Astrophotograhy is difficult near to centers of population because of the light pollution from artificial lighting. This filter aims to deliver more clarity, contrast and natural looking colors when shooting at night in urban areas, this double threaded K&F Concept branded round filter features double-sided nano coating to help stop yellow and orange wavelengths of light from entering the lens.
Some filters attach directly to the lens's filter thread, but most are designed to fit square filter holders where they can be used in combination. Filter holders come in different sizes, but 100mm is the most common. The LEE100 Holder is one of the best and features a multi-function locking dial that not only securely locks the holder in place, but also locks the angle of the filter holder to protect your composition.
Read more: Best filter holders
Almost any camera phone or camera can shoot video these days, but to get the best results you need to be using the right accessories. Here are some gadgets and add-ons to take your video to the next level.
Video isn't just about video! You need good quality audio too, which almost always means using an external microphone. The RØDE VideoMic Go II is arguably the ur-example of a simple, high-quality shotgun mic – it's a straightforward directional mic that you point at the thing you want to record. Mount it to your camera's hotshoe, and it'll record the audio from whatever you're filming. Couldn't be simpler. What's more, this updated version has a USB output, making it much more versatile in terms of the devices you can plug it into.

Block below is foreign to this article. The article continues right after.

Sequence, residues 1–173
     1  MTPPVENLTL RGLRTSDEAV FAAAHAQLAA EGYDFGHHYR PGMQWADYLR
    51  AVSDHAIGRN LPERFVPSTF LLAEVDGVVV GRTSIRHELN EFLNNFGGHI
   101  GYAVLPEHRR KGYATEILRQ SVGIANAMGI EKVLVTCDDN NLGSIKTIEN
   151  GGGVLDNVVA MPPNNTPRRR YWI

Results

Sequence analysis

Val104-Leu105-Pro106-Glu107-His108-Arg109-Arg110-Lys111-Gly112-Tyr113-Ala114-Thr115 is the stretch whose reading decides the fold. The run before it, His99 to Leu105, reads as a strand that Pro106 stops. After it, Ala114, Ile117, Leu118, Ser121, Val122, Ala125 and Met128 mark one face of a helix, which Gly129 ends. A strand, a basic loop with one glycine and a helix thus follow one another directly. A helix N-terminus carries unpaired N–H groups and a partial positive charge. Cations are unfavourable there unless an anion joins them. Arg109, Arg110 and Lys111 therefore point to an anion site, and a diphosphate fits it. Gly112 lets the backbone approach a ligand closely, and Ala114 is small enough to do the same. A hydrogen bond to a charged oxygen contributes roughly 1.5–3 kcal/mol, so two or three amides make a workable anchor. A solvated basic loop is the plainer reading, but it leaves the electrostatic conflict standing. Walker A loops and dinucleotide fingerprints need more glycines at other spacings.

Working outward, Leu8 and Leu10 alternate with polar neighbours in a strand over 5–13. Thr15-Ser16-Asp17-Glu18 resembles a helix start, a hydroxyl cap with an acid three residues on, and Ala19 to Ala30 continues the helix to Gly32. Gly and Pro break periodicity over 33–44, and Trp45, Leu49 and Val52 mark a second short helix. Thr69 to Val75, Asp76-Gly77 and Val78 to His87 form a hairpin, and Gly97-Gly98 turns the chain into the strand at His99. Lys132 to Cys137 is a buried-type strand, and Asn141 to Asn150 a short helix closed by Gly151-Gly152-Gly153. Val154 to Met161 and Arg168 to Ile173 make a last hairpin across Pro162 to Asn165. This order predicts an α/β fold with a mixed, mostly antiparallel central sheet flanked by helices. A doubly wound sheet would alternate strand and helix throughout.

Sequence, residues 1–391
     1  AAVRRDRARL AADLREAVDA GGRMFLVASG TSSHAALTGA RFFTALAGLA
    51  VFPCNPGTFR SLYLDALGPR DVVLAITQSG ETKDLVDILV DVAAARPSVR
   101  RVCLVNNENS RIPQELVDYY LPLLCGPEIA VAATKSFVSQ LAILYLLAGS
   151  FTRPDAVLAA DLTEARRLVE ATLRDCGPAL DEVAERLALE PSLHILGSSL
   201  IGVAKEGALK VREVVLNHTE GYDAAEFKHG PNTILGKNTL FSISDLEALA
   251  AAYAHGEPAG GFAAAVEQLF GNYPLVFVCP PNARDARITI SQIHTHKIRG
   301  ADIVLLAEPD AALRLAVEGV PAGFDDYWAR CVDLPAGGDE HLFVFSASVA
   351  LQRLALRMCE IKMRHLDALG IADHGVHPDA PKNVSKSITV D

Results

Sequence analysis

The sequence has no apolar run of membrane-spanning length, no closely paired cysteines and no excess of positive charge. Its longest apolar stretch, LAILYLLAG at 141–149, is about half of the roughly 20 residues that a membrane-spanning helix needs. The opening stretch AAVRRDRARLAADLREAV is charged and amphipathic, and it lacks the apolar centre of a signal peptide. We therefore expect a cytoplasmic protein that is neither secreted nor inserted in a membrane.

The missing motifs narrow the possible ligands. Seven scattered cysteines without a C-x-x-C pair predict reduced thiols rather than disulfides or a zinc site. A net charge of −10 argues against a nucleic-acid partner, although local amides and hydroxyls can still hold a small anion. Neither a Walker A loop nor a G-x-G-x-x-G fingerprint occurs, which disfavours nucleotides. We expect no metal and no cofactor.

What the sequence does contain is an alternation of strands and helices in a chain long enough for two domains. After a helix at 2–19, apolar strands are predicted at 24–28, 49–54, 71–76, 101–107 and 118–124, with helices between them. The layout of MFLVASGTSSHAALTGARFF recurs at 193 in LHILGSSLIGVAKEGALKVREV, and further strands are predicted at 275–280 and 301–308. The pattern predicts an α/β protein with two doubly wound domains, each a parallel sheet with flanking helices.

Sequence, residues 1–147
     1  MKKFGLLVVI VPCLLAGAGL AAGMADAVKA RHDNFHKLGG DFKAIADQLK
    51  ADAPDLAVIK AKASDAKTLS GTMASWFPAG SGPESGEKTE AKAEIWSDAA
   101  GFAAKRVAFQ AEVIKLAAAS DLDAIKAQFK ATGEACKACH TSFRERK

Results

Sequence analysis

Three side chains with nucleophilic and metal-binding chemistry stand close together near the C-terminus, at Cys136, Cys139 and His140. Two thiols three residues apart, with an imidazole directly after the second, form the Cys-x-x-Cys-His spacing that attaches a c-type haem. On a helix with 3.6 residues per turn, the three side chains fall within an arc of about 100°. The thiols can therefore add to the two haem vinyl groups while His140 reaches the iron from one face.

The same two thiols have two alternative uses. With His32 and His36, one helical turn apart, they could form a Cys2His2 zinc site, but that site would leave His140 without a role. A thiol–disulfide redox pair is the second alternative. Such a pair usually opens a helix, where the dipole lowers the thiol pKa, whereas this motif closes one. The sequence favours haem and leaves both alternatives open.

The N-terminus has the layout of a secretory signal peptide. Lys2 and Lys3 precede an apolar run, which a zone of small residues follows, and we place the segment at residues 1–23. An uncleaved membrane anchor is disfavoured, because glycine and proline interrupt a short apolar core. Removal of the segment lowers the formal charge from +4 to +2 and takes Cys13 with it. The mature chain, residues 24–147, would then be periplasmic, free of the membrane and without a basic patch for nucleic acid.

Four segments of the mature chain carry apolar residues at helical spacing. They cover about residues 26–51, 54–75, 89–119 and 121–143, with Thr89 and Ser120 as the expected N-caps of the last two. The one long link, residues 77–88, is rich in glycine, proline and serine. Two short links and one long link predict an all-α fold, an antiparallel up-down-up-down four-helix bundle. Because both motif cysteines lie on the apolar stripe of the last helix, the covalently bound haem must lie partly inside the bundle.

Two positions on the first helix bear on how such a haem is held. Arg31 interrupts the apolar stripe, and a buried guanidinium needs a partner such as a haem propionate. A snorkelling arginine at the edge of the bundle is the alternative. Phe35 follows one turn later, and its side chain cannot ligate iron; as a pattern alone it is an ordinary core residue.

Read more: Best microphones for video
You don't have to use an external microphone when recording video – you can use a separate audio recorder and merge the audio with the video later. The bargain Zoom H1n portable recorder is a great choice, featuring an onboard stereo microphone that lets you easily record two tracks of high-resolution audio in the palm of your hand. Filmmakers will enjoy the H1n's ability to capture clean, distortion-free speech. And like other H-series products by Zoom, you can hold it in your hand, attach it to a mic stand or tripod, and even mount it to a camera via the shoe mount (sold separately).
Read more: Best audio recorders for video
There will be times when transporting a bigger LED light around is simply not an option and in these situations, the Manfrotto Lumimuse 8 could well prove to be your saviour. The tiny light can attach to the hotshoe mount of your camera and can be controlled over Bluetooth by your iOS smartphone. Eight LED lights produce illumination of 550 LUX (at 1 metre), making the Manfrotto unit suitable for vlogs or product videography.
Read more: Best video lights
If you shoot run and gun style video, you will almost certainly need a gimbal. DJI's Ronin-SC has been specifically designed for mirrorless camera setups up to 2kg in total weight. That’s plenty for a camera like a Canon EOS R or Fujifilm X-T3, but it’s best to steer clear of bulky and heavy lenses, as these can be tough and sometimes impossible to balance properly. Each axis can be individually locked, making initial balancing much easier, and, and the SC folds surprisingly compact. In fact a lot about the DJI Ronin-SC is surprising, as we noted in our review, it's both cheaper and more capable than you first expect.
Read more: Best gimbals for video